by Hope Madden
Denzel Washington is an Oscar contender in about one of every three films he makes – Fences is clearly one of those special performances.
As a director, he’s chosen to focus on the African American experience – August Wilson’s Pulitzer and Tony-winning stage play being the strongest effort yet.
Troy Maxson – a 1950s garbage man with a lot to say – is a character that feels custom-made for Washington. Larger than life, full of conflict and bullshit, bravado and stubbornness, Troy is a big presence. He fills up the screen, he fills up a room, but it is Viola Davis as his wife Rose who offers an emotional and gravitational center to the story.
It doesn’t take much effort to pitch Viola Davis a ball she can hit out of the park. Denzel does just that.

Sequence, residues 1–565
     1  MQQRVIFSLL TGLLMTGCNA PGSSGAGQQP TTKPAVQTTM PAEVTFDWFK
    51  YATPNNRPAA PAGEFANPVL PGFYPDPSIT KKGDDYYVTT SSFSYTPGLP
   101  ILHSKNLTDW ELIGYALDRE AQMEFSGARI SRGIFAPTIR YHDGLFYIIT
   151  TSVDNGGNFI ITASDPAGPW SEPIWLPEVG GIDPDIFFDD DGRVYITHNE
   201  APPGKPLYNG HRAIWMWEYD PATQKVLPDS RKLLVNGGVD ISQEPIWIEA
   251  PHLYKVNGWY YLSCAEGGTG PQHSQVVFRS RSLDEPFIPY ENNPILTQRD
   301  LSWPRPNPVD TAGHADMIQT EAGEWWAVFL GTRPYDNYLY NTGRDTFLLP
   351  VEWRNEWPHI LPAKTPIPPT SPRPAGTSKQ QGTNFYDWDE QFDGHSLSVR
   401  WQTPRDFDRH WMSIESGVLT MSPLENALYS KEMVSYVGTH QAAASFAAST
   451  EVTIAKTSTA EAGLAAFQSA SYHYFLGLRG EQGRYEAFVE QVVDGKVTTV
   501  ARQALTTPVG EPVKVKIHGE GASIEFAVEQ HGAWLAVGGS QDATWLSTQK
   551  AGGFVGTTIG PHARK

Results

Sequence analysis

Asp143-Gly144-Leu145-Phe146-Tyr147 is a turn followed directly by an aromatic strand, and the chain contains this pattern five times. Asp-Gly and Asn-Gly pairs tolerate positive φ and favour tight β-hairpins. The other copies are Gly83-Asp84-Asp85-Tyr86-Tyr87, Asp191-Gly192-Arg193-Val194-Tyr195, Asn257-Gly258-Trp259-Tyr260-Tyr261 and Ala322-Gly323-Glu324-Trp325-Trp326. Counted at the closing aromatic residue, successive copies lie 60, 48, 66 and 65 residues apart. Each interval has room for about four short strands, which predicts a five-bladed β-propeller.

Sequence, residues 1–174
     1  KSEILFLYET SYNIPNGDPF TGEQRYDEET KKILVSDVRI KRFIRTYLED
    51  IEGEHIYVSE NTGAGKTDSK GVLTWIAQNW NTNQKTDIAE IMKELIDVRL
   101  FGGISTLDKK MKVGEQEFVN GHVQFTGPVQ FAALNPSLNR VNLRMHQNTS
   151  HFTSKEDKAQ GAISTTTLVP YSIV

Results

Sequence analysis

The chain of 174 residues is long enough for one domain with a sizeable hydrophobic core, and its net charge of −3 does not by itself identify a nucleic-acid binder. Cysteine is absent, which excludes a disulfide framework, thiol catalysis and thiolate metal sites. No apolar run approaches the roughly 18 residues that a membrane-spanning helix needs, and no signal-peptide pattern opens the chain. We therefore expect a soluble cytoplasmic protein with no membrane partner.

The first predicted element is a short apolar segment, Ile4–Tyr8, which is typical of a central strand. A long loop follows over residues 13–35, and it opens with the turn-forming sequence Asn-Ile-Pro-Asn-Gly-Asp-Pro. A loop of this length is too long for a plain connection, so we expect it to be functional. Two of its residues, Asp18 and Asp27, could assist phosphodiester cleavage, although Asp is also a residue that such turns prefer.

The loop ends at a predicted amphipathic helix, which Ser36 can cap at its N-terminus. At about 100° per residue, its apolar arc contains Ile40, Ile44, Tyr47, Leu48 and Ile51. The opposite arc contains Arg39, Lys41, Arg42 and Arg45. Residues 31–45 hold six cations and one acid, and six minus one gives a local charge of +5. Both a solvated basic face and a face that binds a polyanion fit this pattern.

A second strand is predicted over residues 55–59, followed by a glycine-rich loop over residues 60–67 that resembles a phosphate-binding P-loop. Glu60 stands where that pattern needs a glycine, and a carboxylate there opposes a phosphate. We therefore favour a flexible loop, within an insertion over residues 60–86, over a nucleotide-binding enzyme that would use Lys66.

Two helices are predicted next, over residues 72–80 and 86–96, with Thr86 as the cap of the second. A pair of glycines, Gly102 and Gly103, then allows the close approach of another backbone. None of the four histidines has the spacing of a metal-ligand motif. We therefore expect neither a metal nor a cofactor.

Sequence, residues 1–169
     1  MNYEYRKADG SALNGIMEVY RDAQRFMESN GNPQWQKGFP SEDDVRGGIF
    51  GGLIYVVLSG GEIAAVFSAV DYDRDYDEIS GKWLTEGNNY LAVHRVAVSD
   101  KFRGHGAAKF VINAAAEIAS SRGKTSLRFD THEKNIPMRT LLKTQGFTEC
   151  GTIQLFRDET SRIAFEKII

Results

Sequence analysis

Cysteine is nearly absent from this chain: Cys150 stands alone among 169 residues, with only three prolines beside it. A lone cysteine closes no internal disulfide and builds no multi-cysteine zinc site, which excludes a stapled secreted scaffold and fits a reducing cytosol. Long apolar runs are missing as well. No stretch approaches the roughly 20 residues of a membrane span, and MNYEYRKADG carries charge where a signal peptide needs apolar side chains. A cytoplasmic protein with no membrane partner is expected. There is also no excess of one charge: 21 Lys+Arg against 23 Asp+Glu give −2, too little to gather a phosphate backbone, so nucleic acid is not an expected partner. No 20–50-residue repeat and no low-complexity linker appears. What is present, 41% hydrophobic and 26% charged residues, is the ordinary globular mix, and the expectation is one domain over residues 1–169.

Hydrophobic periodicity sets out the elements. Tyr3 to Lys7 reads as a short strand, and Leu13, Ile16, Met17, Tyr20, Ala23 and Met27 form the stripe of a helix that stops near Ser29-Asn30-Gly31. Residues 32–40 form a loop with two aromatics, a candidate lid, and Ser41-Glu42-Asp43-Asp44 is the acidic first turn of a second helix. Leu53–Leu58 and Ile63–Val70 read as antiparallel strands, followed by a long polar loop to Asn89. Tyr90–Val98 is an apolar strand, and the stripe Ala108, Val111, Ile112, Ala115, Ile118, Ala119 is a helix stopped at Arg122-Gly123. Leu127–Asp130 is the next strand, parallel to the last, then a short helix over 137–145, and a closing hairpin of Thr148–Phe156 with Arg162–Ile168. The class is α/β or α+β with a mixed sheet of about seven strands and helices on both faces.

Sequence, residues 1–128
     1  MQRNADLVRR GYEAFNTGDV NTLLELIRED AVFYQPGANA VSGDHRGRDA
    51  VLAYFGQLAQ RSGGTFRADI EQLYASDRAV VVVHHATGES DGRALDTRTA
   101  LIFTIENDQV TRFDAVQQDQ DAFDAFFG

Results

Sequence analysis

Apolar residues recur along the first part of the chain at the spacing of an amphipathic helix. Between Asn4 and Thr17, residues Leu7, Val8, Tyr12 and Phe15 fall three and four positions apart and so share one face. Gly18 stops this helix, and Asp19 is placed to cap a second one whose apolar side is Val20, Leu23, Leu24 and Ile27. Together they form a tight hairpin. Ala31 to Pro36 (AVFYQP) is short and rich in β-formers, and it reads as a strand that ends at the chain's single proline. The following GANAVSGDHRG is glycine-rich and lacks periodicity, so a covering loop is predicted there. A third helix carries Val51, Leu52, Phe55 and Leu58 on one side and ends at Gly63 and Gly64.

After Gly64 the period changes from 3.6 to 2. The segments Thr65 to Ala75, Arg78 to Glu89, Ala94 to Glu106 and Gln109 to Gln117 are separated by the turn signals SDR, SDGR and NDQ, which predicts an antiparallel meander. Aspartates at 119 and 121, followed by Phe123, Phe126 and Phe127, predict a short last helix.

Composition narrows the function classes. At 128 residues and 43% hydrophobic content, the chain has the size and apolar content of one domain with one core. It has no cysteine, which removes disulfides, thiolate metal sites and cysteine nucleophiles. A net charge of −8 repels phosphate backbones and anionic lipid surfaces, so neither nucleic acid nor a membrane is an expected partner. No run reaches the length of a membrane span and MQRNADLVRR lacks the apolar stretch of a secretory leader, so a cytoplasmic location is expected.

As Rose – the force that keeps the family functioning smoothly – Davis quietly astonishes. She delivers every scene – from silly reminiscences to life-altering decisions – with the easy grace of a profound talent.
Together she and Washington boast such chemistry, their glances, smiles and gestures articulating a well-worn, bone-deep love. Their time together on screen – which is a great chunk of the film – is an opportunity to watch two masters riff of each other for the benefit of character and audience alike. The result is in turns heart-warming and devastating.
The two leads benefit from the remarkable support of the ensemble – longtime character actor Stephen Henderson and Russell Hornsby, in particular.
True to the source material, Washington’s direction feels very stage-bound and theatrical. But in most respects, Washington’s delivery – faithful as it is to the idea of the stage from which it leapt – retains what is needed about the sense of confinement allowed by the few sets and locations.
This is a respectful and powerful tribute to the late Wilson, the playwright whose on-stage Fences saw its 2010 revival starring both Washington and Davis. There is no doubting this play’s bonafides, and Washington honors its intimacy and universal themes.